The stories behind the people are also fascinating. The one I like best is about the tussle between the authors, publisher (Random House) and, of course, Sterling Lord on the one side and the CIA on the other, over the publication and sale of the book, 'The Invisible Government'. Others might prefer the stories involving the Kennedys; or Jack Kerouac; or Ken Kesey.


The Accidental Universe: The World You Thought You Knew
The Accidental Universe: The World You Thought You Knew
Price: £4.99

2 of 2 people found the following review helpful
5.0 out of 5 stars From eternity to here, 3 Jan. 2015
Lightman is a self-confessed atheist although reading his thoughts in this book, one might be forgiven for thinking him to be a This 145 page book is about a complex subject -- the universe and our place in it. It is lucid, rational, and persuasively written; a small book on a vast subject which is best enjoyed by the reader personally. In brief, Alan Lightman tells us that the current scientific view which he, as a scientist, is inclined to agree, is that our universe is the result of a random coincidence of forces and events (his first chapter explains this). He also says that current scientific opinion inclines towards the existence of not just our universe but many others. Some may similarly have randomly created conditions that lead to life. However, he accepts that these are based on scientific theories and calculations that are rational, and irrefutable for the time being, there is no way we can prove that there is life anywhere else.

Lightman is a self-confessed atheist although reading his thoughts in this book, one might be forgiven for thinking him to be a Buddhist. He certainly does not believe in the existence of any gods, and he does not believe in any life after death. He believes that we, like every living thing, grows in the time available to us in the space we are in, and gradually, we wither and are gone - like everything else that once lived but are now dead - the one billion people who were alive in the year 1800, for example.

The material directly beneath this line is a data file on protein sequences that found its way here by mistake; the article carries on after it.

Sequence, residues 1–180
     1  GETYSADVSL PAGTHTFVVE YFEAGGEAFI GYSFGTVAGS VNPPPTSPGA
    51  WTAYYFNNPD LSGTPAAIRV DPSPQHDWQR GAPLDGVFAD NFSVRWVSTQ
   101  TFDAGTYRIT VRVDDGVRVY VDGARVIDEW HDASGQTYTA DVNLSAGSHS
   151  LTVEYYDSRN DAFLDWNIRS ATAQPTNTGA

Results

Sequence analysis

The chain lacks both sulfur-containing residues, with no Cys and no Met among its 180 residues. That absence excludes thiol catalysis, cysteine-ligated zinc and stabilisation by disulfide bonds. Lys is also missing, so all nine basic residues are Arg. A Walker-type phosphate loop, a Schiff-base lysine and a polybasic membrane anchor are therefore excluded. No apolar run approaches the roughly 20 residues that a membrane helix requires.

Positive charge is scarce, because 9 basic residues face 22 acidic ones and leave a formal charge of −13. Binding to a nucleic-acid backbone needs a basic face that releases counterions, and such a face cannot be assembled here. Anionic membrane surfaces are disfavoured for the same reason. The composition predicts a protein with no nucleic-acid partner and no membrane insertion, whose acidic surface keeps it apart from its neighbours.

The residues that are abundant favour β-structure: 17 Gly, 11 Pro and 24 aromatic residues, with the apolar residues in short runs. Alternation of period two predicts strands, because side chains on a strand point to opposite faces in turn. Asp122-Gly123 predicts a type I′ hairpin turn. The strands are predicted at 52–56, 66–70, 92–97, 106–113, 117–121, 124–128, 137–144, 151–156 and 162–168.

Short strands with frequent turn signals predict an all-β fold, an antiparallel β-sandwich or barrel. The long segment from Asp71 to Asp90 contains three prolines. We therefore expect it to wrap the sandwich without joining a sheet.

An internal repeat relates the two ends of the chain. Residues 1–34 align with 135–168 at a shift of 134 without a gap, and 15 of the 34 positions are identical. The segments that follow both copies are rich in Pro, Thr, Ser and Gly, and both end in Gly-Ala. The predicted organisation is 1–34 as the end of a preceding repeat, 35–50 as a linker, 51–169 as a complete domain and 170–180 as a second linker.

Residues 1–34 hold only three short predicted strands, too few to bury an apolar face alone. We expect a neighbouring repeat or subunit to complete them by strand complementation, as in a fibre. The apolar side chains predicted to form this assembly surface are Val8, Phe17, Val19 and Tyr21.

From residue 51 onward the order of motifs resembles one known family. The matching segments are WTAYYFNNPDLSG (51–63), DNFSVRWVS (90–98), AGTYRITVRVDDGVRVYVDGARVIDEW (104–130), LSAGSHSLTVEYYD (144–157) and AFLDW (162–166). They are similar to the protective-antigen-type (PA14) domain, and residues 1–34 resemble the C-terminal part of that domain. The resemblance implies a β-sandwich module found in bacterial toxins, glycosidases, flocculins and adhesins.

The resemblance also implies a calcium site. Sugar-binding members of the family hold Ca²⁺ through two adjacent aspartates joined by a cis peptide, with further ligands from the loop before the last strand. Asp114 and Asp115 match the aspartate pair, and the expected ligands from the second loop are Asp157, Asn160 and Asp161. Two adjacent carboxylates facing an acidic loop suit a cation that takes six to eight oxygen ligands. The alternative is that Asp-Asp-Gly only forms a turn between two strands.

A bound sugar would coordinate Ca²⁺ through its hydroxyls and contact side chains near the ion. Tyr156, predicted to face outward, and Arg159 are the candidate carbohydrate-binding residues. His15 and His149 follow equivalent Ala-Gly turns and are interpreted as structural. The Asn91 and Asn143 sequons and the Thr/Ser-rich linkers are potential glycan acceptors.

Lightman agrees with the views of Richard Dawkins so far as biology, evolution and atheism are concerned. But he dislikes Dawkins' attitude. Lightman is amenable to people who wish to believe in a personal god or gods. He believes that the scientific people (not science) can live with religious people (not religion). He clearly does not think that science and religion are compatible, but scientists and religious people can be.

It seems, therefore, such a brilliant piece of work will probably attract criticism from Dawkins and extremist religious people.


The Collected Works of A.J. Fikry
The Collected Works of A.J. Fikry
by Gabrielle Zevin
Edition: Hardcover
Price: £12.99

4.0 out of 5 stars There is always something in a bookstore, 1 Jan. 2015
This book may be described as a 'novella' if one goes by AJ Fikry's own definition of a novel that 'can be read in one sitting'. This is a book about an unlikely romance between a bookseller and a publisher's agent. The story takes off after Fikry finds his treasured first edition of Edgar Allan Poe's 'Tamerlane' stolen, and shortly after that, an unwed mother abandons her two-year-old daughter in Fikry's bookstore.